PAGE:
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Dallas Morning News Artile on the Codex Sinaiticus

Discussion in '2005 Archive' started by Jimmy C, Mar 11, 2005.

  1. Jimmy C

    Jimmy C New Member

    May 13, 2003
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    Good morning all - the Dallas Morning News has an interesting artilce (see below) on the Codex Sinaiticus.

    For oldest Bible, a divine new look

    Once text's fragile pages digitally reunited, public can see, interpret changes

    08:04 AM CST on Friday, March 11, 2005

    By TOD ROBBERSON / The Dallas Morning News

    LONDON – Is the Bible the infallible word of God or a text doctored by calligraphers, priests and politicians to satisfy their own earthly motivations?

    Evidence suggesting the latter is contained on the pages of the world's oldest Bible, the Codex Sinaiticus. The ancient Greek Bible, written between the first and fourth centuries, has been divided since the mid-1800s after European and Russian visitors removed sections of it from a desert monastery in Egypt.

    But on Thursday, experts from Britain, Germany, Russia, Egypt and the United States launched a four-year project to digitally reunite the fragile texts and make them available to anyone with the click of a mouse.

    British Library
    Biblical experts announced Thursday a four-year project at the British Library in London to digitally reunite the fragile texts of the world's oldest Bible.
    "The codex is so special as a foundation document and a unique icon to Christianity," said John Tuck, head of British Collections at the British Library in London. Unification of the manuscript, albeit digitally, "is a blockbuster in scholarship."

    Only a privileged few have ever been allowed to handle the original manuscripts. Scholars need access to determine, among other things, how far the modern Bible has veered in interpretation from the codex. Parts of the project announced Thursday will include Christian texts written as few as 45 years after the death of Jesus Christ.

    The manuscripts are so delicate that only four scholars have been granted access in the last 19 years to sections of the text housed in London, said Scot McKendrick, head of medieval and earlier manuscripts at the British Library in London.

    But researchers and the general public will be able to examine the digitized texts in minute detail. Historical and explanatory notations will accompany the digitized text so that viewers can trace how changes were made and, more important, why.

    "Obviously, the way the editing works ... is exceedingly interesting. What is the process leading to this or that correction? Whether it was merely editorial, or if they were following a theological lead" in altering the message, Mr. McKendrick said.

    Altered book
    Ray Bruce, a film director who is producing a documentary on the project, cited the Book of Mark as an example of how much the modern Bible has been altered from the codex. In the codex, he said, the Book of Mark ends at Chapter 16, Verse 8, with the discovery that Christ's tomb was empty.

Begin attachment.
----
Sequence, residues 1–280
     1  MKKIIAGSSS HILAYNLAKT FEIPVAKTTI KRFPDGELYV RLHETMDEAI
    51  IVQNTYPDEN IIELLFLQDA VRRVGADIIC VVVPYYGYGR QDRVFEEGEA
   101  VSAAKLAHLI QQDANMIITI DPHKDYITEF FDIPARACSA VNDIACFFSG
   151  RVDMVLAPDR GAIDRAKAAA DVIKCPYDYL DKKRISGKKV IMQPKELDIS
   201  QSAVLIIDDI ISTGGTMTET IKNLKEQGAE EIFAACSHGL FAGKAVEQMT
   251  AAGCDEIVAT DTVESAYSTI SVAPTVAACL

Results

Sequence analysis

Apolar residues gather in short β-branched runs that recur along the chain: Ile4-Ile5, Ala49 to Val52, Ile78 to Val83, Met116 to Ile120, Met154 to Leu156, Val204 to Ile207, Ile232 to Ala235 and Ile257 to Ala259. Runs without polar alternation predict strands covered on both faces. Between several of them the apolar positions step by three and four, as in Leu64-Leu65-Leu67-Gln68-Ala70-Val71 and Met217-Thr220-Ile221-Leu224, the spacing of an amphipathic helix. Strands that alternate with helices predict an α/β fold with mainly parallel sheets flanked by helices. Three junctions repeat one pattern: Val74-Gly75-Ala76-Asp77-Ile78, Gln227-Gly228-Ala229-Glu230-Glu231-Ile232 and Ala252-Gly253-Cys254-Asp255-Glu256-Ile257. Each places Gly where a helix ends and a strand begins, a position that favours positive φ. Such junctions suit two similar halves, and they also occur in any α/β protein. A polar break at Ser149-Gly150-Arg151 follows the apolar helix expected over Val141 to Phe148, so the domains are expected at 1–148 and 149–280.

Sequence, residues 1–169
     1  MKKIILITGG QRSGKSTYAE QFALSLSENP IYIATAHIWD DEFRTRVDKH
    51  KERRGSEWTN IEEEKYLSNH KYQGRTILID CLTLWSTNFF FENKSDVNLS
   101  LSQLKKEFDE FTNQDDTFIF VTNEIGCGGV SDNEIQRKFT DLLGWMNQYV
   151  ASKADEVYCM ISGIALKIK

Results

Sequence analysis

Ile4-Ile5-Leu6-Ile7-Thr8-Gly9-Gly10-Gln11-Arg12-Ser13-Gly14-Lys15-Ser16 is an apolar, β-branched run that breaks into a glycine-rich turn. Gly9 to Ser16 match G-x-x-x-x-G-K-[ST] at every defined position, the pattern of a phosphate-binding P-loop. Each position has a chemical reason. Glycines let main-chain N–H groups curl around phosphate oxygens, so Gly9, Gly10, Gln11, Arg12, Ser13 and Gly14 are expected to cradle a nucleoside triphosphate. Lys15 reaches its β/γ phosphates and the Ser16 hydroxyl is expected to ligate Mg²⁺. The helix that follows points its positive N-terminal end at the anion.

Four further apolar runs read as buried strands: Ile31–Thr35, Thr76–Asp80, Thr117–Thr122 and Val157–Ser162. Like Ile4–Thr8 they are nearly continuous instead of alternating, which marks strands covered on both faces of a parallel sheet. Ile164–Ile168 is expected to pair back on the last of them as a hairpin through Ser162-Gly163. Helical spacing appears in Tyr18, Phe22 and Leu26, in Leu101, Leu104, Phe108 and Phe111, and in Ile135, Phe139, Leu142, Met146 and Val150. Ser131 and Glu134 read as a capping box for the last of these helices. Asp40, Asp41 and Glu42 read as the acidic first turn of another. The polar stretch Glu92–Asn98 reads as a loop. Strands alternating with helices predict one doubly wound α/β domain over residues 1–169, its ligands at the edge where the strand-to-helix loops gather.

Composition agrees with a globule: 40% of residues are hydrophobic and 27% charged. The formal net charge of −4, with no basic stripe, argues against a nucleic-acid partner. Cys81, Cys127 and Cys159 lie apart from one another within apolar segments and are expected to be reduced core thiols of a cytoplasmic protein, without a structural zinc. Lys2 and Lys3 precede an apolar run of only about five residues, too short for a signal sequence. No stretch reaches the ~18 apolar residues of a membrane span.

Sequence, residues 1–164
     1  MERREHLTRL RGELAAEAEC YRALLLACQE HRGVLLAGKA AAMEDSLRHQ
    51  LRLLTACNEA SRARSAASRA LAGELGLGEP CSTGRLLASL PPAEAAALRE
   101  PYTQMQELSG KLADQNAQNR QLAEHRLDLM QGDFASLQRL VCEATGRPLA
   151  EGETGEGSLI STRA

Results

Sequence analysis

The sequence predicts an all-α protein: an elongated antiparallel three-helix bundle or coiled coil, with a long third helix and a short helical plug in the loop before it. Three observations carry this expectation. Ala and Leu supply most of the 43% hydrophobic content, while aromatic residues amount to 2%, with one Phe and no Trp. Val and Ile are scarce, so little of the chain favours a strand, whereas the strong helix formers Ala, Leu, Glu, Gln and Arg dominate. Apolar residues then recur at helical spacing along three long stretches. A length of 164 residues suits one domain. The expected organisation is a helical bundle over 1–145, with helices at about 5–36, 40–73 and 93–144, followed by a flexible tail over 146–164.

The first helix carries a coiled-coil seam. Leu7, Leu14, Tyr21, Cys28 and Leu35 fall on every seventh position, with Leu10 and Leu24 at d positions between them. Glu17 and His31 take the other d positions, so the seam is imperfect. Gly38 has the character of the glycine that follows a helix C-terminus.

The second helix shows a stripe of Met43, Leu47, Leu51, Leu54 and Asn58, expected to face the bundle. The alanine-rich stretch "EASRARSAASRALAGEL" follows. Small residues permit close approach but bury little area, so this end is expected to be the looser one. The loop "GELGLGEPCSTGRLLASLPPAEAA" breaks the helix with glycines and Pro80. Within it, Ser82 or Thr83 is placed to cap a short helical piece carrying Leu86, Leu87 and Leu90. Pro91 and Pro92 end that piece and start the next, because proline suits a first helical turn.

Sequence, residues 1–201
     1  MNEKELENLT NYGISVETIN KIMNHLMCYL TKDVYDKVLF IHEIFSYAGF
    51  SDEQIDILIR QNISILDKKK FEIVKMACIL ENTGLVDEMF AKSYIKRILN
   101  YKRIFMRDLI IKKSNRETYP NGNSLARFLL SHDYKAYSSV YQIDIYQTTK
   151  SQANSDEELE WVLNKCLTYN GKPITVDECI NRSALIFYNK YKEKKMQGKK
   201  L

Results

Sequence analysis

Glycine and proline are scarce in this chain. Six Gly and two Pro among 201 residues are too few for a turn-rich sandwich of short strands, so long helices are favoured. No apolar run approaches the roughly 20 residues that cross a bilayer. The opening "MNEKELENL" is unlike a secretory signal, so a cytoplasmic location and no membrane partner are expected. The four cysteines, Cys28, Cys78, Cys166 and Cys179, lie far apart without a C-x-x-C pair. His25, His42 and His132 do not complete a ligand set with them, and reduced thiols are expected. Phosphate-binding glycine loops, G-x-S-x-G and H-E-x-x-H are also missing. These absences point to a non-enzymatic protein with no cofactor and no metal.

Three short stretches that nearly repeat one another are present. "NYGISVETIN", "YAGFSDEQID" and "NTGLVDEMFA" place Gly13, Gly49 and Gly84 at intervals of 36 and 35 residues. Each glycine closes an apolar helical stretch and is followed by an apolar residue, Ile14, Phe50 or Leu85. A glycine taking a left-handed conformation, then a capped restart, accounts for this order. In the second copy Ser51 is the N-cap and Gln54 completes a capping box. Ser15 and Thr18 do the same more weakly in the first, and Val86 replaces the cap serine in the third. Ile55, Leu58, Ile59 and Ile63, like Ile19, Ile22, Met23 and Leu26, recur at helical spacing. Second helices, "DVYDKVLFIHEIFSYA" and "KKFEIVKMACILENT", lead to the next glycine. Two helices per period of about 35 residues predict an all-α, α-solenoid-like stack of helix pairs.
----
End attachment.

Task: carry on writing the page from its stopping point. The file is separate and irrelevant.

But more modern versions contain an additional 12 verses with testimony from Mary Magdalene and 11 apostles referring to the resurrection of Jesus.

    "It shows how much this is a dynamic process of editing and adaptation," he said, but also raises questions about the influence man has had on texts regarded by Christians as divinely inspired.

    Researchers and plunderers have particularly coveted the codex because the texts were written so soon after the life of Jesus, and they are the largest and longest-surviving Biblical manuscript in existence, including both the Old and New Testament. In addition, the codex contains two Christian texts written around A.D. 65, the Shepherd of Hermas and the Epistle of Barnabas.

    Sections removed
    Until the mid-1800s, the complete codex was housed inside St. Catherine's Monastery in Sinai, Egypt. But the texts were broken up when visitors bribed, cajoled or deceived monks into letting certain sections be removed for further examination in Russia, Britain and Germany.

    "They were never returned," said Greek Orthodox Archbishop Damianos of Sinai. "The monastery felt a great injustice was done."

    He said disappearance of the texts led to upheaval in the monastery, and because of lingering resentment, the monks at St. Catherine's had been "a bit reluctant to respond positively" when asked to participate in the current project.

    In particular, he singled out Britain for criticism because of what he described as the underhanded manner in which it obtained its texts and its longtime refusal to return them. Nevertheless, he said, the monastery agreed to join the digitization project.

    Other parts of the manuscript that had been taken to Russia disappeared after the 1918 Bolshevik Revolution and were feared lost forever. They did not reappear until the mid-1940s and are now kept at the National Library of Russia in St. Petersburg.

    Going high-tech
    Mr. McKendrick said the codex was originally produced on high-grade papyrus with state-of-the-art ink and pens – the best available at the time.

    Similarly, the new digitization project will use some of today's most advanced technology, he added. "So in a sense, we'll be matching fourth century cutting-edge technology with cutting-edge 21st century technology."

    E-mail [email protected]


    Digital unification: Experts from Britain, Germany, Russia, Egypt and the United States will digitally copy the pages of all four sections.

    How long will it take: Four years

    The original: High-quality papyrus.

    Why it's in pieces: Scholars "borrowed" sections to study and never returned them.


    Visit the British Library, the national library of the United Kingdom, at www.bl.uk.